Waterstones has acquired independent book business Foyles as it promises to help the chain fight back against “Amazon’s siren call”.
Waterstones, which was bought by US hedge fund Elliott Advisors this year, has purchased the book chain from the Foyle family for an undisclosed sum.
Foyles was founded 115 years ago by brothers William and Gilbert Foyle, who started the business by selling textbooks, before setting up shop on Charing Cross Road in central London.
The bookshop has other outlets across London, at the Royal Festival Hall, Waterloo and Westfield Stratford, as well as shops in Bristol, Birmingham and Chelmsford.
Watersones has been in expansion mode after it was sold by Alexander Mamut, the Russian billionaire who owned the book brand through his investment vehicle Lynwood Investments.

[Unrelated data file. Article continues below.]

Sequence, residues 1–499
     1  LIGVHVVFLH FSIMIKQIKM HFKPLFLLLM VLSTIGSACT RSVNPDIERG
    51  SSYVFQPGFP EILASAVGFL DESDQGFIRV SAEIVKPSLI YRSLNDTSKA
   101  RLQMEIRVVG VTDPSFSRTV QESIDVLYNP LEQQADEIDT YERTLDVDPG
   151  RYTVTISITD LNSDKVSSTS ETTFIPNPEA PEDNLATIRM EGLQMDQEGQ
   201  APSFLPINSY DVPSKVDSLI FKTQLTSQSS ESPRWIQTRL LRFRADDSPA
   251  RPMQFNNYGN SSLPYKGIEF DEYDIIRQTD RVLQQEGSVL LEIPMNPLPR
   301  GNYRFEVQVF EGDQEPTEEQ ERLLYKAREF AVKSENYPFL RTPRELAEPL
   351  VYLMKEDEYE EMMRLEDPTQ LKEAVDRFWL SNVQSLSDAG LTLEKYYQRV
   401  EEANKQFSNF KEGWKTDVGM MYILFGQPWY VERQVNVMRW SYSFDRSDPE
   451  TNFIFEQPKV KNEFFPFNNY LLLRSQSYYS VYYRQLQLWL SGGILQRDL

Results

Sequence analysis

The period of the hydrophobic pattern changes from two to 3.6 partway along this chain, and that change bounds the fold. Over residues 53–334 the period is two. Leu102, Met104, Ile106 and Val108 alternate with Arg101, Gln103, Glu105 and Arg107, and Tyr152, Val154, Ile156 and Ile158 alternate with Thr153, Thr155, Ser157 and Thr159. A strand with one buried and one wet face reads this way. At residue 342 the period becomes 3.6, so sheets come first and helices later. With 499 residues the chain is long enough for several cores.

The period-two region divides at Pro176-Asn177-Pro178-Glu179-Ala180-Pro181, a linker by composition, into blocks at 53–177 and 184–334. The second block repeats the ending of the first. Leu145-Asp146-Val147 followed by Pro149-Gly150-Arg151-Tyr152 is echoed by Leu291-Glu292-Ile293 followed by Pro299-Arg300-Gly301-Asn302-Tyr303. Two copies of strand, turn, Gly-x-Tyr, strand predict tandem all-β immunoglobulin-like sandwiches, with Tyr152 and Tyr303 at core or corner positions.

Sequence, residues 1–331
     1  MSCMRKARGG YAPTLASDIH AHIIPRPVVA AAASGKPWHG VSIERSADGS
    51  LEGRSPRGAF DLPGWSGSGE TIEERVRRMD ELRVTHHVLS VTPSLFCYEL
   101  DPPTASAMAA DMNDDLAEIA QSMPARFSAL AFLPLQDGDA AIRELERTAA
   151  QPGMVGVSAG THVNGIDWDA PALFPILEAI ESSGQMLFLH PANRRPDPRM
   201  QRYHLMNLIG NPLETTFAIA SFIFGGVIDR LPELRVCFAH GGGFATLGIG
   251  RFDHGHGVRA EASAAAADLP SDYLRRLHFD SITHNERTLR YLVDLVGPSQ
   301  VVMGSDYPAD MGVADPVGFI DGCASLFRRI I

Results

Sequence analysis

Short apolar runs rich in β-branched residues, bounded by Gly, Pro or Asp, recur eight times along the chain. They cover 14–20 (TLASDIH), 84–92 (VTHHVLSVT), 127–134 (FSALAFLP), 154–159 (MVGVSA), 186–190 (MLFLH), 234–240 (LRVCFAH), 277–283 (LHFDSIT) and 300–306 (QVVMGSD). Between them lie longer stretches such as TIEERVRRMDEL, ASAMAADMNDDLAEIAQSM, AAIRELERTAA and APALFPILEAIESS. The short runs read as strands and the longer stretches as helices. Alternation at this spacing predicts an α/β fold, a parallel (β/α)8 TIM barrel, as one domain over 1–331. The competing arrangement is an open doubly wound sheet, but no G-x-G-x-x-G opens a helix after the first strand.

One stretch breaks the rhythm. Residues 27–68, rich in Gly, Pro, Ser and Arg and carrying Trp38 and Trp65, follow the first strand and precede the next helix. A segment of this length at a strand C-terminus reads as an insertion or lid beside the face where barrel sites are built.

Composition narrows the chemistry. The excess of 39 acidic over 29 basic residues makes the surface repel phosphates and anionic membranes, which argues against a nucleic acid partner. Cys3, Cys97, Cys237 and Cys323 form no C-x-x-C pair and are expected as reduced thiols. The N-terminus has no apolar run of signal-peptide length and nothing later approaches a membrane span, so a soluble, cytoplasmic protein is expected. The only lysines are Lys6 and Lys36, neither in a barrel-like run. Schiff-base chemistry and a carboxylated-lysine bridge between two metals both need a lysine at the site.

The sale ended Mr Mamut’s seven-year ownership of the business, although he still maintains a minority stake in the company.
James Daunt, Waterstones’ managing director, said the acquisition of Foyles would help both brands face off the threat from e-commerce giant Amazon.
“We are honoured to be entrusted with the Foyles business, and greatly look forward to joining forces with the Foyles bookselling team,” Mr Daunt said.
“Together, we will be stronger and better-positioned to protect and champion the pleasures of real bookshops in the face of Amazon’s siren call.”
He said that Waterstones, which also owns Hatchards in London’s Piccadilly and Hodges Figgis in Dublin, saw itself as “responsible stewards” of independent book stores.
“It is an exciting and invigorating time in bookselling as good bookshops are rediscovering their purpose in the fight back against online and e-reading,” he said.
Christopher Foyle, chairman of Foyles, said: “My family and I are delighted that Foyles is entering a new chapter, one which secures the brand’s future and protects its personality.
“I look forward to witnessing the exciting times ahead for the company founded by my Grandfather and his brother 115 years ago.”